The Internal Revenue Service (IRS) recently issued a publication about appropriate documentation retirement plan sponsors should keep for participant hardship and loan requests.
For hardship withdrawals, the plan sponsor should retain the following records in paper or electronic format:
- Documentation of the hardship request, review and approval;
- Financial information and documentation that substantiates the employee’s immediate and heavy financial need;
- Documentation to support that the hardship distribution was properly made in accordance with the applicable plan provisions and the Internal Revenue Code; and
- Proof of the actual distribution made and related Forms 1099-R.
The agency says it is not sufficient for plan participants to keep their own records of hardship distributions, and electronic self-certification is not sufficient documentation of the nature of a participant’s hardship.
Speaking at the American Society of Pension Professionals and Actuaries’ (ASPPA’s) first-ever virtual conference, Bob Kaplan, ASPPA Government Affairs Committee co-chair and national training consultant with Voya Financial, noted that after the issuance of the publication, industry groups and providers, including the American Benefits Council and Fidelity, sent a letter to the IRS saying that prior guidance led them to believe they could rely on participant self-certification.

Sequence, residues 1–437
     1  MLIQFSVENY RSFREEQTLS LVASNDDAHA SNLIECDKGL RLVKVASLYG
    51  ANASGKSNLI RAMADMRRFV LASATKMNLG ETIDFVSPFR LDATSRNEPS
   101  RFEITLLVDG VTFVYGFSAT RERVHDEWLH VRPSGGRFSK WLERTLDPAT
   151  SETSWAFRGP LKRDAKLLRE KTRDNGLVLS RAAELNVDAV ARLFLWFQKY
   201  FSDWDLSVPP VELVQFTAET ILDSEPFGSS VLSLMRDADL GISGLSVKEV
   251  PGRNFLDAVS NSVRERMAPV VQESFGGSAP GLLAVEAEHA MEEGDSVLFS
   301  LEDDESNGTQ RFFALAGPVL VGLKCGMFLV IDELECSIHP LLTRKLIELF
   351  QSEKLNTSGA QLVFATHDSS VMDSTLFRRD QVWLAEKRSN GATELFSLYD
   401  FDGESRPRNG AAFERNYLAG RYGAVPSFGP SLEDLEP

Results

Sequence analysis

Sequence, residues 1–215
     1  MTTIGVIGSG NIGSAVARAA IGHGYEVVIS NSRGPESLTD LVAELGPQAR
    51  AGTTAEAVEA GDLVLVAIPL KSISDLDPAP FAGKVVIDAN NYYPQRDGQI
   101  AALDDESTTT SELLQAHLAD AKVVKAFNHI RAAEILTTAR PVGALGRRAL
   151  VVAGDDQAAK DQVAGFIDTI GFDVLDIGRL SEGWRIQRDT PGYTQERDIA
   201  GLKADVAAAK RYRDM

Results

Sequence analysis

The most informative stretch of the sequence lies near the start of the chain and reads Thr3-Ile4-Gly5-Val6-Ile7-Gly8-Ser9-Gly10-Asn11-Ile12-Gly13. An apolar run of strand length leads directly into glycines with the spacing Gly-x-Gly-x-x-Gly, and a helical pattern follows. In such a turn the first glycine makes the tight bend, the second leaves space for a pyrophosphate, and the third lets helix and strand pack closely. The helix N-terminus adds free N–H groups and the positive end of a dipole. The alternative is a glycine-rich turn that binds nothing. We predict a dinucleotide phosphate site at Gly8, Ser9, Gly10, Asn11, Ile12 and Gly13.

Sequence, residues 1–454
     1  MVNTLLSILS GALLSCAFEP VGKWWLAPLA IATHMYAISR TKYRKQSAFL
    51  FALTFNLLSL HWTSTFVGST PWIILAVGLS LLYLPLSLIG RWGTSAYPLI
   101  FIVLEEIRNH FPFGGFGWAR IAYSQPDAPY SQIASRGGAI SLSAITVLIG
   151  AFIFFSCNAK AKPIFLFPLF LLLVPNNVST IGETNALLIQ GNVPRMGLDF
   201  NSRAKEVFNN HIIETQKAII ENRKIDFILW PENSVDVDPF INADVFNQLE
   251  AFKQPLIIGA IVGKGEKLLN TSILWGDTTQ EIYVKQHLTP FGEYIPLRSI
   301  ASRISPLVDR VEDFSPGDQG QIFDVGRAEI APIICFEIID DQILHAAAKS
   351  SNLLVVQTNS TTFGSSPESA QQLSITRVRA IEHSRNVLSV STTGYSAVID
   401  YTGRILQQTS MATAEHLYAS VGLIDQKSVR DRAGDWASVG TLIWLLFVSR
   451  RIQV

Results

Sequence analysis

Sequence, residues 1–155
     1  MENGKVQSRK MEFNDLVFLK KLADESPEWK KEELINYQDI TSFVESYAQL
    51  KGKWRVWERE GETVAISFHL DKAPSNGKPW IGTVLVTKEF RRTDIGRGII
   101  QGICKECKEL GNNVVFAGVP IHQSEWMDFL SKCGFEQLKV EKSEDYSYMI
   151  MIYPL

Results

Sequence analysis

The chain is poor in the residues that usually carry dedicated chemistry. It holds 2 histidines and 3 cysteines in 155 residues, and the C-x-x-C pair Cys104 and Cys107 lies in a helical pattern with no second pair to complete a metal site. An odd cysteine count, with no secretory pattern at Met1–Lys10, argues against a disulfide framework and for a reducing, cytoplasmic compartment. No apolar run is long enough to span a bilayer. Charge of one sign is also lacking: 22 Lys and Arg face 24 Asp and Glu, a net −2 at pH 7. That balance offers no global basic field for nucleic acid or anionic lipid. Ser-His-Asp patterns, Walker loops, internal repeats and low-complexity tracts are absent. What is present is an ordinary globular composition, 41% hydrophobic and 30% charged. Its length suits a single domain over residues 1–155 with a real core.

Ilene H. Ferenczy, managing partner at Ferencszy Benefits Law Center LLP, and Craig P. Hoffman, ASPPA general counsel, said that at different events, the IRS has consistently said there needs to be proper documentation of the nature of the financial hardship, and self-certification is not sufficient.
Kaplan speculated that some people in the retirement industry may have misconstrued guidance issued in 2008 in relation to Hurricane Katrina. At that time, the IRS said plan sponsors do not have to have documentation of the nature of the hardship to issue a distribution. However, he pointed out, the guidance said plan sponsors have to follow up to get the documentation after the distribution.
Kaplan said plan sponsors can rely on self-attestation that the participant has an immediate and heavy need for the assets to be distributed, unless the plan sponsors knows for sure otherwise.
He suggested that getting documentation of the nature of the hardship up front is a good idea because it may be harder to get documentation after a participant gets his money. Having documentation will protect plan sponsors in case of audits.
Because of the letters to the IRS, “there may be more to come,” Kaplan stated. “But, the publication shows how the IRS feels about appropriate documentation right now.”
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